Goethe was only twenty-four when he wrote this work, which would find its way into every European salon. Like nearly everything he wrote, the story has autobiographical roots; Goethe and Werther share even the same birthday. Goethe had been in love with Charlotte Buff, the fiancé of another man, named Kestner. Like Werther, Goethe left the community to escape his passion. He had also contemplated suicide, and he made that part of the story upon learning of the suicide of an acquaintance, an attaché named Karl Wilhelm Jerusalem. Jerusalem had fallen in love with a married woman and had undergone social snubbing.
Despite their parallel experiences, however, it is important to distinguish Goethe from his protagonist. Goethe intends a psychological portraiture of a mind in distress, moving inexorably toward self-destruction. Goethe, who in many ways possessed the “two souls” of rationality and intuition, is admonishing readers to avoid excesses of passion, which can render beautiful feelings into ugliness when no limits are imposed. Although there is much in this novella that is characteristic of the lyrical Goethe—the rhapsodizing of spring, for example—Goethe’s emphasis is clear: Feelings have potential for producing good, but because the line between good and evil is not always a clear one, danger abounds. The Sorrows of Young Werther begins...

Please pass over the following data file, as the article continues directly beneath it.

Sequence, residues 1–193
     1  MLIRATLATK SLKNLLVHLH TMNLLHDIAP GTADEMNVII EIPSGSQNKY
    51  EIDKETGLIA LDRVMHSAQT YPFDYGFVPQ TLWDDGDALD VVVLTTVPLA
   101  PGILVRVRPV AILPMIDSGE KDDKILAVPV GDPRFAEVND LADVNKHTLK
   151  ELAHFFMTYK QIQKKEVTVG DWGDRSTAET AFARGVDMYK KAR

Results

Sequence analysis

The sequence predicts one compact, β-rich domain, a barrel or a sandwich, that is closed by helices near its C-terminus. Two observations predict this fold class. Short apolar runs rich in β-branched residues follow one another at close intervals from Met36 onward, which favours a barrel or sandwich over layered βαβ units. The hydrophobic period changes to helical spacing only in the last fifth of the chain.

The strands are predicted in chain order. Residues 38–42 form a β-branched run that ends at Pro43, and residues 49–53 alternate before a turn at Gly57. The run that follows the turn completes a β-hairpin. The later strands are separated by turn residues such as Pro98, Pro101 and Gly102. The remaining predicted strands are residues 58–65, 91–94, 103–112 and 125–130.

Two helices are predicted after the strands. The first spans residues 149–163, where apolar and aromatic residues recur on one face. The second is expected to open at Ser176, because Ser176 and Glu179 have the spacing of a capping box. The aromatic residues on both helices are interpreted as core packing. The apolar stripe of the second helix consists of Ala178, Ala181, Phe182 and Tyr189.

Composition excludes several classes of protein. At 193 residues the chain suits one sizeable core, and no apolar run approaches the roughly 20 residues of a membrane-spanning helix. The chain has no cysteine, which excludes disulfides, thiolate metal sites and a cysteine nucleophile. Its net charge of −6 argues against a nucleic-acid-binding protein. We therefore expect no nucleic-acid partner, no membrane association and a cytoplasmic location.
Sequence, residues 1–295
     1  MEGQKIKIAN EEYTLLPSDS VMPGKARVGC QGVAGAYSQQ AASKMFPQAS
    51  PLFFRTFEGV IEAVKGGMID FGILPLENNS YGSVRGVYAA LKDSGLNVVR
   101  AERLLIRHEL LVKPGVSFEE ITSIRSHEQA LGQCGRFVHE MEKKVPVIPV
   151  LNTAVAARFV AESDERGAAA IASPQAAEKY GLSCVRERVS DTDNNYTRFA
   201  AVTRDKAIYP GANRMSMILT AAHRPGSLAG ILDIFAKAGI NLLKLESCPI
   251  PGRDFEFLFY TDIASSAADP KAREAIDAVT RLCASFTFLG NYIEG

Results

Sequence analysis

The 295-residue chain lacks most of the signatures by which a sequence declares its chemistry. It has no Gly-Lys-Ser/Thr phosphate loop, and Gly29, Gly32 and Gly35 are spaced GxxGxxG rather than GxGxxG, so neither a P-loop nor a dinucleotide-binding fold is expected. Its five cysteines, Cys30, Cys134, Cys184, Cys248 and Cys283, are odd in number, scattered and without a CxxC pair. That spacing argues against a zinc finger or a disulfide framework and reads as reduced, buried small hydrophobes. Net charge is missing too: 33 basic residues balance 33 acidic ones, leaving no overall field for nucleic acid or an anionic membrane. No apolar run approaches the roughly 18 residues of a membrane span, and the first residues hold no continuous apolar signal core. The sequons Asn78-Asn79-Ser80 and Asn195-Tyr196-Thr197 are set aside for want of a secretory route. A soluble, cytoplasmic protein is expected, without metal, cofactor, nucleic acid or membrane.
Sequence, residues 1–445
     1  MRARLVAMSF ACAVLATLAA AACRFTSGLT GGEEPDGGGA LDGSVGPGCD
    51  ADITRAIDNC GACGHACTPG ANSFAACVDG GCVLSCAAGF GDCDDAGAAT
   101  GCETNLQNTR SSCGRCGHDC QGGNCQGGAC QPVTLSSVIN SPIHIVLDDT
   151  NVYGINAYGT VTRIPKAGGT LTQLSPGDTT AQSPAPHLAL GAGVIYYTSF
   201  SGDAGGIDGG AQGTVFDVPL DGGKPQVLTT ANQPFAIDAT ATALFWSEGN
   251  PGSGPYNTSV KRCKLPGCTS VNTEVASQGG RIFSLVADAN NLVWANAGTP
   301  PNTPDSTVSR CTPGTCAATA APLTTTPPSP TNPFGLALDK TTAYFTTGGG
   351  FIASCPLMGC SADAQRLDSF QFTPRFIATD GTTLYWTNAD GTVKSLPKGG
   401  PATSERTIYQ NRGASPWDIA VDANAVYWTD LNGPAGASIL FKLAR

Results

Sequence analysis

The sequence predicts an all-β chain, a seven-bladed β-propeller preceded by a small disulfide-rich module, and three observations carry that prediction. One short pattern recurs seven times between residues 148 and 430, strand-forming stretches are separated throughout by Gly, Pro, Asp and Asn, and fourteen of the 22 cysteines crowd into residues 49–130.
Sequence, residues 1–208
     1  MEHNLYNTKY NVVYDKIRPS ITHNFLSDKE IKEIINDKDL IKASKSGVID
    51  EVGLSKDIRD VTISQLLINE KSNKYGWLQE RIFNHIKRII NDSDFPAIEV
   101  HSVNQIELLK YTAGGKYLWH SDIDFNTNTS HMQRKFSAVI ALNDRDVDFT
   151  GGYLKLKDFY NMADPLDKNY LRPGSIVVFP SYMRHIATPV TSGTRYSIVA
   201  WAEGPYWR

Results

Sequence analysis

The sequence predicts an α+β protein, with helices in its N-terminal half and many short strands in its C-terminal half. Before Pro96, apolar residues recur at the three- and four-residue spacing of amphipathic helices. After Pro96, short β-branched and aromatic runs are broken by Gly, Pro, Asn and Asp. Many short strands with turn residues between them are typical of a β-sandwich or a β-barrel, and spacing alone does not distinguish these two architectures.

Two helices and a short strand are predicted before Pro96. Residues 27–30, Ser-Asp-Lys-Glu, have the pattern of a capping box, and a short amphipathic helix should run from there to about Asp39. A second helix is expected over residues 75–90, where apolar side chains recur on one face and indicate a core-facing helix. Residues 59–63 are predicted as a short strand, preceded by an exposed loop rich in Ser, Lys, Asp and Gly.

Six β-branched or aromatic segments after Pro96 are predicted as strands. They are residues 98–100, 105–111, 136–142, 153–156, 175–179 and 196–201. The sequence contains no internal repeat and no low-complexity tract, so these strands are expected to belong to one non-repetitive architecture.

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as a story of love; it ends as a story of death.
Historically, the importance of this early work lies in its departure from eighteenth century norms of rationality, with their proscriptions of objective criteria, particularly as to language. The Sorrows of Young Werther is powerfully told through imagery, not abstraction. While there were other epistolary novels in the century, this work gave readers an unparalleled look at an individual character, thus anticipating the modern novel, with its interior, or psychological, rendering.
Though he was very young at the time that he wrote The Sorrows of Young Werther, Goethe also shows himself in command of form: The novella divides into two parts having an ironic relationship. The first part deals with Werther’s arrival up to his departure from the town and anticipates the tragedy of the second part. Both parts involve escape, one by going away, the other by self-inflicted gunshot. Neither escape proves to be a proper resolution. The telling irony of this novella is that Werther wants his suicide to represent the ultimate altruism of self-sacrifice. On the contrary, it represents the ultimate egotism. A sterile act, it changes nothing. Genuine love sacrifices by yielding, not by abrogating. Readers may be sorry for Werther, but they cannot absolve him.